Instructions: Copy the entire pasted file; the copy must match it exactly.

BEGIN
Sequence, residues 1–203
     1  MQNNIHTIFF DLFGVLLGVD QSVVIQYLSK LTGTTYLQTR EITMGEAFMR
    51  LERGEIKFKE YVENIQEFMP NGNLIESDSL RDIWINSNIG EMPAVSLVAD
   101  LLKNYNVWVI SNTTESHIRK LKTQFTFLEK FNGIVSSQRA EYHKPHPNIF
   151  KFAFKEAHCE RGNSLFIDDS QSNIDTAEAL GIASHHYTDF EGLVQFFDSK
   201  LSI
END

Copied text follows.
Sequence, residues 1–203
     1  MQNNIHTIFF DLFGVLLGVD QSVVIQYLSK LTGTTYLQTR EITMGEAFMR
    51  LERGEIKFKE YVENIQEFMP NGNLIESDSL RDIWINSNIG EMPAVSLVAD
   101  LLKNYNVWVI SNTTESHIRK LKTQFTFLEK FNGIVSSQRA EYHKPHPNIF
   151  KFAFKEAHCE RGNSLFIDDS QSNIDTAEAL GIASHHYTDF EGLVQFFDSK
   201  LSI